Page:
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Publication numberUS6358572 B1
Publication typeGrant
Application numberUS 09/398,314
Publication dateMar 19, 2002
Filing dateSep 20, 1999
Priority dateSep 22, 1998
Fee statusLapsed
Also published asCA2281265A1, CA2281265C, EP0989446A2, EP0989446A3
Publication number09398314, 398314, US 6358572 B1, US 6358572B1, US-B1-6358572, US6358572 B1, US6358572B1
InventorsNaoki Nakamura, Hiroshi Hasegawa, Kiyohito Murata, Hideki Nakayama
Original AssigneeToyota Jidosha Kabushiki Kaisha
Export CitationBiBTeX, EndNote, RefMan
External Links: USPTO, USPTO Assignment, Espacenet
Method for manufacturing a nonlinear optical thin film
US 6358572 B1
Abstract
A method for manufacturing a nonlinear optical thin film of a silica glass system with sufficient nonlinear optical characteristics, in which a glass substrate 12 is disposed within a vacuum deposition chamber 10 and an electron beam is applied to a SiO2—GeO2-system glass placed on a hearth liner 14 to form a SiO2—GeO2-system thin film on the surface of the substrate 12. In an application of this method, ions of argon, for example, are emitted from an ion source to produce dipoles in the deposited SiO2—GeO2-system thin film. By applying an electric field to the SiO2—GeO2-system thin film thus formed, the dipoles are oriented to let the thin film exhibit nonlinear optical characteristics.
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Claims(5)
What is claimed is:
1. A method for manufacturing a nonlinear optical thin film comprising the steps of:
forming a SiO2—GeO2-system thin film on a substrate by electron beam evaporation while performing ion beam assist to produce dipoles in the SiO2—GeO2 system thin film; and
conducting poling by applying an electric field of 50 kV/cm to 200 kV/cm to the SiO2—GeO2 system thin film having dipoles therein, so as to orient the dipoles and thereby form the nonlinear optical thin film.
2. A method for manufacturing a nonlinear optical thin film comprising the steps of:
forming a SiO2-GeO2-system thin film on a substrate by electron beam evaporation while performing ion beam assist using any of argon, helium and neon ions to produce dipoles in the SiO2-GeO2-system thin film; and
conducting poling by applying an electric field of 50-200 kV/cm to the SiO2-GeO2-system thin film having dipoles therein, so as to orient the dipoles and thereby form the nonlinear optical thin film.
3. A method for manufacturing a nonlinear optical thin film according to claim 2, wherein the poling is performed by applying the electric field simultaneously with the forming of the SiO2—GeO2 system thin film by said electron beam evaporation.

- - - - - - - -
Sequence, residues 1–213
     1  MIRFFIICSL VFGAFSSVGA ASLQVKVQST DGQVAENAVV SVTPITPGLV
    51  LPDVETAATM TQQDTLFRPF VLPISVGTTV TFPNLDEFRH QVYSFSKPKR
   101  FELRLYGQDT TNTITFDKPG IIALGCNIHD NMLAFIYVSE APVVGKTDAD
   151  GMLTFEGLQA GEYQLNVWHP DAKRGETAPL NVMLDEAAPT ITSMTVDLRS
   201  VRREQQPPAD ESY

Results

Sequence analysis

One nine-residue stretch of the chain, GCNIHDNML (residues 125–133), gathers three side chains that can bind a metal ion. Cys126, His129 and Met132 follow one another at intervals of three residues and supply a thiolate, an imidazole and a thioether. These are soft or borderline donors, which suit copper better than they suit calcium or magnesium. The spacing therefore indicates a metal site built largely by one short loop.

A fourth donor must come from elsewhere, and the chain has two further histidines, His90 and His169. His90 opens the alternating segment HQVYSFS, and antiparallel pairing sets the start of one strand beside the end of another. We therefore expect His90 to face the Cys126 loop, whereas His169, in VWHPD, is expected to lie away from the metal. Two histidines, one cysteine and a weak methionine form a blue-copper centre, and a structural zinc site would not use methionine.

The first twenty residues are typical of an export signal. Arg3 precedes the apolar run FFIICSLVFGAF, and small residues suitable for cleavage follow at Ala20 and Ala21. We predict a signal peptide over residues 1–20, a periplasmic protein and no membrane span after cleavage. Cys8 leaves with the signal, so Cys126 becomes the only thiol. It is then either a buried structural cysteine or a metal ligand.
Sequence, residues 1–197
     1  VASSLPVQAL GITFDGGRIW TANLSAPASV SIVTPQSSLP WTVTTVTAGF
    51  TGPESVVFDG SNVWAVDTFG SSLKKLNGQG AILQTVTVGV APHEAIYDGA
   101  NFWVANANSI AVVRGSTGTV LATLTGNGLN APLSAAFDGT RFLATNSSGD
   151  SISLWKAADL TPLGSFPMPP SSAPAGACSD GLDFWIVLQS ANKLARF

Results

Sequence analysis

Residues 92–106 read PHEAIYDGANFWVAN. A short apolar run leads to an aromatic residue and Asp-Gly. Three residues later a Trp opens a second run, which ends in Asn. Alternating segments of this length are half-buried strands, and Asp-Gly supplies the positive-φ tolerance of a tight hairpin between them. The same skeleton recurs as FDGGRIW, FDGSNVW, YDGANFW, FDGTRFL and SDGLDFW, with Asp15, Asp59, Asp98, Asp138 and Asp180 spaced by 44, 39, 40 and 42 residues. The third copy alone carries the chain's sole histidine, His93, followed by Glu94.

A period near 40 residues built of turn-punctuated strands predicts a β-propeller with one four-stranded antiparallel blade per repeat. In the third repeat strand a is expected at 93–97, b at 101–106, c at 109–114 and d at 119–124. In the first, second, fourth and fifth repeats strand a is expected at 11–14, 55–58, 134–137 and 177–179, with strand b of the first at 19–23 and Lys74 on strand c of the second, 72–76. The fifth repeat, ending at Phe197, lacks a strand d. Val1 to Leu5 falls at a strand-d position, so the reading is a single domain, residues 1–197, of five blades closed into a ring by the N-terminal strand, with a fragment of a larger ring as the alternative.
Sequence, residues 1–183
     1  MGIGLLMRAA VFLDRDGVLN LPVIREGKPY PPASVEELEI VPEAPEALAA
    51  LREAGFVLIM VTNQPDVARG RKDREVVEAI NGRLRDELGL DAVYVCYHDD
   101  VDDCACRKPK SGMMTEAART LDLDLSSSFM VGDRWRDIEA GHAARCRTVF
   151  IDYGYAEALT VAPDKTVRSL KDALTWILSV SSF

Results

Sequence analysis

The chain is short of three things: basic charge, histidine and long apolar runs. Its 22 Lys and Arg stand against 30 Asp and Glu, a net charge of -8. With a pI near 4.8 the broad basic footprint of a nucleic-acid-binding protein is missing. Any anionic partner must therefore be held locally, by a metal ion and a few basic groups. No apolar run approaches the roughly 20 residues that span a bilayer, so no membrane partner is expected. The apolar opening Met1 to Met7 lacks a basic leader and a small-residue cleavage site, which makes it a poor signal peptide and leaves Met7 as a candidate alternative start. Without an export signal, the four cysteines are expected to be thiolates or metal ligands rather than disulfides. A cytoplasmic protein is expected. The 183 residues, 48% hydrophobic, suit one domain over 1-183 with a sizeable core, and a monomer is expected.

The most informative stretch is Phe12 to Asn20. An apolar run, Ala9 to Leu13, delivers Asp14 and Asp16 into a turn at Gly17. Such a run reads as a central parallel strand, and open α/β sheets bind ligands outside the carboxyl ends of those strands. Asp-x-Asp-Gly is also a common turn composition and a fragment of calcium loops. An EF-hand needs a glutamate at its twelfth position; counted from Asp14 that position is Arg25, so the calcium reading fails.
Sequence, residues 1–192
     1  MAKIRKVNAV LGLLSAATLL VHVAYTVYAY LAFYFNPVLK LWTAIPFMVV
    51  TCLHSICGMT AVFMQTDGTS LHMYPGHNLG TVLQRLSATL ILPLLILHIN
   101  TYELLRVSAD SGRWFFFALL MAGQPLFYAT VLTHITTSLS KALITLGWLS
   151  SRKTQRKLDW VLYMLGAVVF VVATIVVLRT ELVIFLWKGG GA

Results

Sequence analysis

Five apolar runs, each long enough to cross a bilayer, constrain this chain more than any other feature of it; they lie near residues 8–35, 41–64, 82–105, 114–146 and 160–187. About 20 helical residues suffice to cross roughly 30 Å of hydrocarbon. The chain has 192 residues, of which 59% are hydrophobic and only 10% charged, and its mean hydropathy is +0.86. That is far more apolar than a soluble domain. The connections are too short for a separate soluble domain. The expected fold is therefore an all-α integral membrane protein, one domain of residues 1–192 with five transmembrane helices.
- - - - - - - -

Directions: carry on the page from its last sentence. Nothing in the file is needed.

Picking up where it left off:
4. A method for manufacturing a nonlinear optical thin film according to claim 2, wherein an oxygen-deficient target is used in said electron beam evaporation.
5. A method for manufacturing a nonlinear optical thin film comprising the steps of:
forming a SiO2—GeO2-system thin film on a substrate by electron beam evaporation while performing ion beam assist to produce dipoles in the SiO2—GeO2 system thin film; and
performing a molecular orientation process while performing ion beam assist at a lower energy than that used in said thin film forming step, so as to orient the dipoles and thereby form the nonlinear optical thin film.
Description
BACKGROUND OF THE INVENTION

1. Field of the Invention

The present invention relates to a method for manufacturing a nonlinear optical thin film, and more particularly to a method for manufacturing a nonlinear optical thin film using silica glass.

2. Description of the Related Art

Various kinds of nonlinear optical materials with a light control function have been proposed for applications to optoelectronics. Among those nonlinear optical materials, LiNbO3 (lithium niobate) is a typical example in widespread practical use.

In the case of lithium niobate, however, when used in optical elements, loss arises caused by differences in physical properties, such as refractive index or thermal expansion coefficient, between lithium niobate and glass as a connection member. Therefore, there have been requirements for nonlinear optical materials based on silica glass toreplace lithiumniobate. Such a silica-glass-based nonlinear optical material is disclosed in Japanese Patent Laid-Open Publication No.6-340444, for example.

However, those nonlinear optical materials based on silica glass do not necessarily have sufficient optical characteristics, so that their characteristics need to be improved further for practical use.

SUMMARY OF THE INVENTION